Over the course of our call for pamphlet proposals, we'll have some of our existing pamphlet authors writing about their experience of having a pamphlet published with us. Here we have Alison Winch talking about her pamphlet, Trouble!

When a poem is working, I’ve touched on something honest. There is a catharsis in this; a ‘yes’ moment of release. That honest thing might not be clearly visible and it might take a year for the poem to be in a finished state, or to understand what that honest thing is.

Getting to that ‘yes’ moment means cutting through the pervasive feeling of shame: Who do I think am, writing poems? Why not do something urgent like clean the toilet, go on Facebook, make a felt collage of my exes’ genitals? Feeling shame is part of the process of sending poems out to the gatekeepers of the poetry world – the audacity!

My poems have characters who inhabit places I might be too afraid to. My alter-ego ‘Alisoun’ is appropriated from Chaucer, and she is shameless, about sex, her body, her relationship with god. There are others – Wife, for example – who is trapped in a fog of humiliation, disgrace and penis envy.

I was talking this morning to a friend, Sophie Herxheimer, about honesty, shame and writing. We collaborate and have a 100% success rate with the poems we’ve written together and sent out – all two of them. One was published by The Emma Press. It was part of Amy Key’s vivid Best Friend’s Forever poetry anthology that travels the varieties of intense and complex experiences in female friendship. We wrote the poem via Skype.

That the Emma Press were open to uncomfortable, ambivalent or ugly feelings connected to women’s experiences made me more confident about sending them work. The poems mean a lot to me, and I wanted an editor that I could trust and who could work with their vulnerability.

Emma set up her own press in a cut-throat industry and her courage, as well as her creativity, is impressive. I found out that Emma and Rachel had accepted the poems when my son was two months old. It was a bolt of joy in the miasma of puke and postnatal fragility/resilience that I was existing in at the time.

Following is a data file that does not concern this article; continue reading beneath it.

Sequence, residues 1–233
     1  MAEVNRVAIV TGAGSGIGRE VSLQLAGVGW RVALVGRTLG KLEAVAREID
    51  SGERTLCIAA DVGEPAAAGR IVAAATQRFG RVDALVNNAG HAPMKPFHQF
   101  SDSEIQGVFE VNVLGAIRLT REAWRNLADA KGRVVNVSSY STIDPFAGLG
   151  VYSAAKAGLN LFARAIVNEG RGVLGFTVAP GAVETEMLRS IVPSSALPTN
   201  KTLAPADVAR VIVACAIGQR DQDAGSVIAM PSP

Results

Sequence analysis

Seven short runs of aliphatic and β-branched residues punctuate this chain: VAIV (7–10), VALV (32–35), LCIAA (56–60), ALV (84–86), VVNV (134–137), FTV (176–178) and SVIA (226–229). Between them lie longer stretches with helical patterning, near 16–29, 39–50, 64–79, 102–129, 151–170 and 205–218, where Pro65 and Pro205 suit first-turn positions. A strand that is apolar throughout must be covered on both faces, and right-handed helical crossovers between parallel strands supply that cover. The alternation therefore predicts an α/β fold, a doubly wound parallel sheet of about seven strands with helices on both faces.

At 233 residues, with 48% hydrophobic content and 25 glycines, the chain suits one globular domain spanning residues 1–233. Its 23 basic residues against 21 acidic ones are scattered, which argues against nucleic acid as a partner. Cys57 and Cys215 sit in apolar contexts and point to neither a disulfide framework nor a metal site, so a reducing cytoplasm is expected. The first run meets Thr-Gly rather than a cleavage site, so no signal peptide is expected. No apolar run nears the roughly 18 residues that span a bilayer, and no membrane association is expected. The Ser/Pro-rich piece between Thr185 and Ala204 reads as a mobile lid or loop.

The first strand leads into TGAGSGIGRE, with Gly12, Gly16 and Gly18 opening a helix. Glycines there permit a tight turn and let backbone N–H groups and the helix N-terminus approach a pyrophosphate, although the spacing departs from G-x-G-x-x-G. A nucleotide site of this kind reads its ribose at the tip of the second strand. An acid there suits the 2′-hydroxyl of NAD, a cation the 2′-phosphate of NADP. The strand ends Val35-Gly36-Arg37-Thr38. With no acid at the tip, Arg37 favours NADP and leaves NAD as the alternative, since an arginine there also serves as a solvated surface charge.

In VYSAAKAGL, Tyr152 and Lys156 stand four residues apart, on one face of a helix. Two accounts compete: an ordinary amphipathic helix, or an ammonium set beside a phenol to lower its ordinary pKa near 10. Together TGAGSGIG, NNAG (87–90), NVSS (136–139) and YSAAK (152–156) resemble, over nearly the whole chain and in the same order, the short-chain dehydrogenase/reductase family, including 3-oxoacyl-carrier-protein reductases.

Emma and Rachel have an acute awareness of how they want the pamphlet to be, while simultaneously offering their authors a lot of autonomy. They brought their production and editorial expertise with grace and friendliness, and I always trusted that the book would be beautiful. We picked the final poems in a pub in King's Cross while my son climbed the walls.

Sophie offered to do a drawing for the cover and I was made up when Emma agreed. We continue to collaborate (look out for that box of tiny frozen hands!) and it’s ace to have Sophie’s work in my book.

I saw the pamphlet for the first time at its launch in June 2016. It was both humbling and exhilarating. Rachel’s scrupulous editing, Emma’s gutsy production and design, Sarah Howe’s sensitive and colourful introduction, plus Sophie’s art, all came together to create something stunning.

One of the very cool things about publishing a pamphlet or collection is the level of engagement from readers you know and don’t know. I thought it would be excruciating to read a review (actually, I didn’t think about it), but it’s astonishing to connect to another person through poetry; it’s why it’s worth persisting in the feelings.

Trouble is available to order on our website. You can also find out more about our call for pamphlet submissions here.